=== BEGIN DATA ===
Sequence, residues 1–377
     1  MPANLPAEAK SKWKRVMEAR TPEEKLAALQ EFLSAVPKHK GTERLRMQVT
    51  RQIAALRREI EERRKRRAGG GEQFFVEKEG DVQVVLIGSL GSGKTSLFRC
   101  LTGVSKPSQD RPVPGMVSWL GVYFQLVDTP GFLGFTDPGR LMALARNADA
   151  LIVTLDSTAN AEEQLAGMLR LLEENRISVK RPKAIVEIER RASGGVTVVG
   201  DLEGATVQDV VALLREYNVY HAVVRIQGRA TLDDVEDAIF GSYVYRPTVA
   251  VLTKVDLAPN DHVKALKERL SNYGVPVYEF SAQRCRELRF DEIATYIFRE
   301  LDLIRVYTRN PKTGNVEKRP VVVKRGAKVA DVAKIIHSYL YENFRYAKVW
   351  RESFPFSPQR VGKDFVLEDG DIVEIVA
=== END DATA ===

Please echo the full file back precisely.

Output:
Sequence, residues 1–377
     1  MPANLPAEAK SKWKRVMEAR TPEEKLAALQ EFLSAVPKHK GTERLRMQVT
    51  RQIAALRREI EERRKRRAGG GEQFFVEKEG DVQVVLIGSL GSGKTSLFRC
   101  LTGVSKPSQD RPVPGMVSWL GVYFQLVDTP GFLGFTDPGR LMALARNADA
   151  LIVTLDSTAN AEEQLAGMLR LLEENRISVK RPKAIVEIER RASGGVTVVG
   201  DLEGATVQDV VALLREYNVY HAVVRIQGRA TLDDVEDAIF GSYVYRPTVA
   251  VLTKVDLAPN DHVKALKERL SNYGVPVYEF SAQRCRELRF DEIATYIFRE
   301  LDLIRVYTRN PKTGNVEKRP VVVKRGAKVA DVAKIIHSYL YENFRYAKVW
   351  RESFPFSPQR VGKDFVLEDG DIVEIVA